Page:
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TurnipsWe didn’t have enough turnips in the Dirt to Dinner garden in 2010. Or in 2009 for that matter. When I was growing up in the 70’s in the suburbs around Cincinnati, no self-respecting kid would have eaten a turnip. Today, in California, I know kids who will happily eat raw, pickled, braised or stewed turnips without complaint. So, I guess we really are making progress. It just takes a long-range perspective to appreciate it.

Because the turnip is a popular vegetable around here, and we have an unexplainable deficiency in the radish growing department, we’d like to identify a turnip variety that does well in our conditions, grow a lot of it, save our own seed, and maybe even further improve or adapt the variety in the future.

This is probably a bad idea for several reasons:

#1. Turnips are biennials. They won’t even make seed until after they have been in the ground over the winter. Which means they are going to take up their space in the garden for a long time.
#2. Turnips are out-breeders so even if we grow only one turnip variety we could still have our seed accidentally crossed by a bee visiting from a neighborhood garden growing a different turnip variety we didn’t know about. But how many neighborhood gardens are going to have turnips laying around long enough to go to seed, you say?
#3. Well, it’s not just the turnips we have to worry about! Turnips are classified as Brassica rapa and could potentially cross with mustard, rutabagas, Chinese cabbage, Chinese greens or those radishes we can never seem to grow! On the up-side, Ecology Action’s booklet #13 “Growing to Seed” says we only need to keep seed from five plants to maintain enough genetic diversity in the line.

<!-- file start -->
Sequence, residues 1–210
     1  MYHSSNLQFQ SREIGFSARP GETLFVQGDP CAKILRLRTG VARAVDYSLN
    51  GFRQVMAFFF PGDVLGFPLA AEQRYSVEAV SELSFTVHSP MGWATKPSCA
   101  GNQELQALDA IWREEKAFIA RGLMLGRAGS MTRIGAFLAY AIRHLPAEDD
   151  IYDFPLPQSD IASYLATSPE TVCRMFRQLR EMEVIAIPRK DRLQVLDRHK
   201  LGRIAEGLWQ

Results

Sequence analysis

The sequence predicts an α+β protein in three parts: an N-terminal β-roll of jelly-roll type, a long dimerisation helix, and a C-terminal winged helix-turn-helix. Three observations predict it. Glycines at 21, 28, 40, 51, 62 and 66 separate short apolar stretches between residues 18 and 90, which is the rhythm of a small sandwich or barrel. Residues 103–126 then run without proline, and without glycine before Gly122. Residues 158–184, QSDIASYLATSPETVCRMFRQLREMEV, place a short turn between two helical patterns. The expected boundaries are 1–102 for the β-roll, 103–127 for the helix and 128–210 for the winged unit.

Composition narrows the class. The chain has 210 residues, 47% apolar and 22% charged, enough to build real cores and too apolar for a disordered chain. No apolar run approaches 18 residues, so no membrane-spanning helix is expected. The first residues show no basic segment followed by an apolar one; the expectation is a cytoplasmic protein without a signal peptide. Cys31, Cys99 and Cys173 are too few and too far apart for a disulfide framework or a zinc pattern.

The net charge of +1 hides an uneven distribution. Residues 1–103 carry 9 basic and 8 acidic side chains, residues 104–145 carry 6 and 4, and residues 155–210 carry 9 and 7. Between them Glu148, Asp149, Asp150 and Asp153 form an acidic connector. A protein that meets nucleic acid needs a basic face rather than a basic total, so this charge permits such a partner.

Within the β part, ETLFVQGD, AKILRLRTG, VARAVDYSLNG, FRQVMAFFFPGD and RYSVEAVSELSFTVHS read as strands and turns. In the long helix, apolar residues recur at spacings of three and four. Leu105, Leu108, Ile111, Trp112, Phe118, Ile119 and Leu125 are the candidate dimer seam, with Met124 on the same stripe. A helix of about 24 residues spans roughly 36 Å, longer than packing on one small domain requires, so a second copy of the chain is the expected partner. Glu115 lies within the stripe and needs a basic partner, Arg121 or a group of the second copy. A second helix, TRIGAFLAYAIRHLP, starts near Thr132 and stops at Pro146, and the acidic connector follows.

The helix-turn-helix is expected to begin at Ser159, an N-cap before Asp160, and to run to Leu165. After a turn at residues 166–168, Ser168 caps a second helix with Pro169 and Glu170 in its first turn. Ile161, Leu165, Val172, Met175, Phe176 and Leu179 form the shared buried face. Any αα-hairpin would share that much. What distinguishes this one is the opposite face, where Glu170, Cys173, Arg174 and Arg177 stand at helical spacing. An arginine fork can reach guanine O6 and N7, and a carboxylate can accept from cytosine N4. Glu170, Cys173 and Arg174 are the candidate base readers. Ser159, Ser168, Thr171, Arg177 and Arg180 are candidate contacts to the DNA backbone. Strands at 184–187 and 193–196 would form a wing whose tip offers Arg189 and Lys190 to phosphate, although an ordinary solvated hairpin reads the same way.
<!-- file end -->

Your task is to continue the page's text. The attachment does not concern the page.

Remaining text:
Not one to be deterred by facts, I went ahead and started Phase 1, which is growing several varieties in order to choose one to work with in the fall or next spring. This part just involves growing and eating. We have identified six types of turnip seed to trial, four of them were planted today and after the next storm front passes, we’ll add ‘Tokyo Market’ and ‘Tokyo Cross.’

2/23/2011 We seeded two 2.5′ x 2.5′ beds with turnips separated by a North-South running strip of ‘Petit Pois’ peas saved from 2010.

Bed A is ‘Scarlet Ohno’ from Bountiful Gardens vs. ‘Scarlet Ohno’ from High Mowing Seed. I’m hoping they aren’t both repackaged seed from the same farm! At the very least we should see some landrace variation. The Bountiful Gardens package says, “Greens are smooth and hairless, excellent for greens. Roots for fresh use and pickling, not keepers.” High Mowing adds, “Hot pink skins with white, mild and crunchy flesh. Excellent for baby roots or greens with a signature pink streak.” 50 days. The Bountiful Gardens pack is marked for planting in May-August, but I’m guessing that’s either not right or not for our area. Seems odd when everything else says, “As soon as soil can be worked,” or “4 weeks before last expected frost.”

Bed B is ‘Gold Ball’ side-by-side with ‘Orange Jelly’ with the same separating strip of ‘Petit Pois’ between the varieties. The Sustainable Seed package for ‘Gold Ball’ says, “…perfectly shaped 3-4” amber globes…never woody…perfect storage turnip for the root cellar.” ‘Orange Jelly’ is also recommended for its storing ability and says flavor is improved by frost. Might be nice to try these two again in the fall.

By about mid-April we should be munching, marinating, fermenting and baking our different turnips and picking a winner. Do you already have a favorite turnip that does well in your area or a favorite turnip recipe to share? Leave us a comment!